Mother has been hiding in a church for three years after asylum claim rejected in the US

On the morning of President Joe Biden’s inauguration, Vicky Chavez mentioned she jolted away from bed and turned on the tv in the upstairs room of the Unitarian church she calls residence.

“Look, we’ve lastly bought a (new) president now,” the Honduran mom of two mentioned, squeezing her three-year-old daughter as they watched Biden put his hand on the Bible and take the oath of workplace.

“Does this imply we will go to Disneyland?” her daughter requested, hopefully.

“Not but,” Chavez mentioned, stroking her hair and holding her shut. “However hopefully quickly.”

Over the previous three years, Chavez hasn’t been in a position to take her daughters to Disneyland – or anyplace else, for that matter – as a result of they’ve been dwelling in the confines of the First Unitarian Church in Salt Lake Metropolis.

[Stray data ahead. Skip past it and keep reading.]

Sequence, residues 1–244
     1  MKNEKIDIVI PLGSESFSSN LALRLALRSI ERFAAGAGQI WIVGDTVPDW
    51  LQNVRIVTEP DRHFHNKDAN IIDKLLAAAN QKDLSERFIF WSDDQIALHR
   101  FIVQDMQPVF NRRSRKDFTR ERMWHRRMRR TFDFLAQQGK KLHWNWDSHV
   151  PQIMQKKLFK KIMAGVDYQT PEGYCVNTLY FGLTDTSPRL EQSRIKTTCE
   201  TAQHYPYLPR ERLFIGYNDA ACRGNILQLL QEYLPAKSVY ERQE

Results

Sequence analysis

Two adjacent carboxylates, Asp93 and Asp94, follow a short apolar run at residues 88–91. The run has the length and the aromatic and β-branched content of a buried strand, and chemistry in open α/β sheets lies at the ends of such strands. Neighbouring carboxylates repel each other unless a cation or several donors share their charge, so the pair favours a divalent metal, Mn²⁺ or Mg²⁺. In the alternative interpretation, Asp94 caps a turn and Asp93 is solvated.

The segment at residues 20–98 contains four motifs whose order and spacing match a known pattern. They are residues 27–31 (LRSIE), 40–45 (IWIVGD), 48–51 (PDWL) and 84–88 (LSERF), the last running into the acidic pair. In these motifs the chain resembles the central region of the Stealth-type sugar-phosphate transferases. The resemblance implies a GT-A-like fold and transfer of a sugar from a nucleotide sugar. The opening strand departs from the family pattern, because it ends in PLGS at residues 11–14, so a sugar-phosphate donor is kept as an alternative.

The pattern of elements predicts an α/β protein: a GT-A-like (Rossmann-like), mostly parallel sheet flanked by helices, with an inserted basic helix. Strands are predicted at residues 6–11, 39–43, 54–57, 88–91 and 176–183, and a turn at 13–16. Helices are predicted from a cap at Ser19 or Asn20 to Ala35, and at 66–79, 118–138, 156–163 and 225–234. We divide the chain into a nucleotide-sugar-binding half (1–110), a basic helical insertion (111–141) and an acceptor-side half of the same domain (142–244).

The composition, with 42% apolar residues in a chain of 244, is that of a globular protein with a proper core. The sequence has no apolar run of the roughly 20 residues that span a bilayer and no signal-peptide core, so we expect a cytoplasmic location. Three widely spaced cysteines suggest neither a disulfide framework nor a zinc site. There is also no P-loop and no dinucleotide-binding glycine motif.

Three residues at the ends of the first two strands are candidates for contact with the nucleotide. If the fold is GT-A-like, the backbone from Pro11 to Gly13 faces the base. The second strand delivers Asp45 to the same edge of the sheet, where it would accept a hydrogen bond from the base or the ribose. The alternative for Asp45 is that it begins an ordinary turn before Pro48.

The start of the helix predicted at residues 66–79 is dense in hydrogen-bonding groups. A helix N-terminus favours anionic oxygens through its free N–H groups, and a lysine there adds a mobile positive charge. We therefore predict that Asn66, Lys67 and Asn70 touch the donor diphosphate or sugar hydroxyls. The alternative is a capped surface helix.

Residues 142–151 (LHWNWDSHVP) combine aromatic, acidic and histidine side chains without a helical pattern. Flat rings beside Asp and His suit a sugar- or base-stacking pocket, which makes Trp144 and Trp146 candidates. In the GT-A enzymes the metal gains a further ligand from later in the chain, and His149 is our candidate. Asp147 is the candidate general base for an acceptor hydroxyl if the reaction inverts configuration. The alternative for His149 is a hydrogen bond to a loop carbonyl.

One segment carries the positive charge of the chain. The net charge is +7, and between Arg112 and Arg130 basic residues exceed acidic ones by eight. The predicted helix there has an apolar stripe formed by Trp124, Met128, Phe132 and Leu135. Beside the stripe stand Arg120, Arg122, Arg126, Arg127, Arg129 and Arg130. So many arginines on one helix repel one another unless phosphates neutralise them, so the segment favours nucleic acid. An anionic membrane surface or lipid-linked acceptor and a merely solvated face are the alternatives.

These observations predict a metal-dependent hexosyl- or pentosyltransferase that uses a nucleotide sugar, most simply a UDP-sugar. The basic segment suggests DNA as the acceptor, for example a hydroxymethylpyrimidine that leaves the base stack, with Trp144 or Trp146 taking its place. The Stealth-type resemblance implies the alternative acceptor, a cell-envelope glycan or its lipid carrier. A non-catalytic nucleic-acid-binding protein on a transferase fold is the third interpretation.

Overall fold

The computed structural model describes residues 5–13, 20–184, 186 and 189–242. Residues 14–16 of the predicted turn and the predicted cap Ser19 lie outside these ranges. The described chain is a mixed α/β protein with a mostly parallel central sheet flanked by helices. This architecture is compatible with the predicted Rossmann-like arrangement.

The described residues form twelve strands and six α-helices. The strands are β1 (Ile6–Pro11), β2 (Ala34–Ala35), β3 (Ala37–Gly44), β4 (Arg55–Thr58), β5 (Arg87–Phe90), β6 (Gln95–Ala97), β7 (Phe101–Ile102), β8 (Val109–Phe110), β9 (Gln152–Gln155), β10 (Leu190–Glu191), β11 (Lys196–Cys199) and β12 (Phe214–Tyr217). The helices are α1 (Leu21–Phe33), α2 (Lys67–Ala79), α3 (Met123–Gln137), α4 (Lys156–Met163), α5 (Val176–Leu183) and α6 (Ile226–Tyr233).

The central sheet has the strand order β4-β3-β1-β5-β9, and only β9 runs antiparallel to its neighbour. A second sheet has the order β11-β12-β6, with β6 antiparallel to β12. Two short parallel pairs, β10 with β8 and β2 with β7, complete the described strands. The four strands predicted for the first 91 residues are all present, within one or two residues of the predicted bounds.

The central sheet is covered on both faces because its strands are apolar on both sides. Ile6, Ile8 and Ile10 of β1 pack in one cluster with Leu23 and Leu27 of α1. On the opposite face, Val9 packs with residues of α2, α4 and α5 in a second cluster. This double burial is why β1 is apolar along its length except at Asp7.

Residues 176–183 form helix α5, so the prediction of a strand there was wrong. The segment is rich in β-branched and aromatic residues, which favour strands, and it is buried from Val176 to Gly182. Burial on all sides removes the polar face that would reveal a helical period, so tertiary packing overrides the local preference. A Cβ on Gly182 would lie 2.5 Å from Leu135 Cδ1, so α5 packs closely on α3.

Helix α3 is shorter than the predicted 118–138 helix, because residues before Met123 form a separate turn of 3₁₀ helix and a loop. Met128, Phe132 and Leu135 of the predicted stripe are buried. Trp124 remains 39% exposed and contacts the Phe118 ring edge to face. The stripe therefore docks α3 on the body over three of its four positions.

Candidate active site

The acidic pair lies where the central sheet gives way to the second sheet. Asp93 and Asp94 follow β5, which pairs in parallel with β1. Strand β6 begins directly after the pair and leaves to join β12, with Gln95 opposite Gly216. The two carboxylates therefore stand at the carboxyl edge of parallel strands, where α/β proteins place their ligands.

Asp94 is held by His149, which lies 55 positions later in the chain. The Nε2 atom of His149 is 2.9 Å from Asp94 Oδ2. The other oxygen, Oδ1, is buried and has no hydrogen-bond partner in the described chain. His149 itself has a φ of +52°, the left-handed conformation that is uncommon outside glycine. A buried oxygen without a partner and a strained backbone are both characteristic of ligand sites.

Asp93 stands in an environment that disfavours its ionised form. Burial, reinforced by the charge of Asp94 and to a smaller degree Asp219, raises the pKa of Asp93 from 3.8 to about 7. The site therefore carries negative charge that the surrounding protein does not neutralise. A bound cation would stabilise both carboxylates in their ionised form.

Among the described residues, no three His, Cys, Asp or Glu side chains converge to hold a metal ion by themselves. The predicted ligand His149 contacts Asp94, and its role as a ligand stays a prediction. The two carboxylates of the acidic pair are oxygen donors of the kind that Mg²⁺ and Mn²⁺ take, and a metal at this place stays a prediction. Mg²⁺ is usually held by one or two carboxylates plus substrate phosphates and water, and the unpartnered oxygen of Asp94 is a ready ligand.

When she lost her final attraction to remain in the nation, after an immigration choose rejected her asylum claim and US Immigration and Customs Enforcement (ICE) issued her a deportation order, the church provided her a short-term haven.

All Chavez needed to do was present up, and he or she and her daughters may keep for so long as they wanted.

On the morning of President Joe Biden’s inauguration, Vicky Chavez said she jolted out of bed and turned on the television in the upstairs room of the Unitarian church she calls home.
On the morning of President Joe Biden’s inauguration, Vicky Chavez mentioned she jolted away from bed and turned on the tv in the upstairs room of the Unitarian church she calls residence. Credit score: SUPPLIED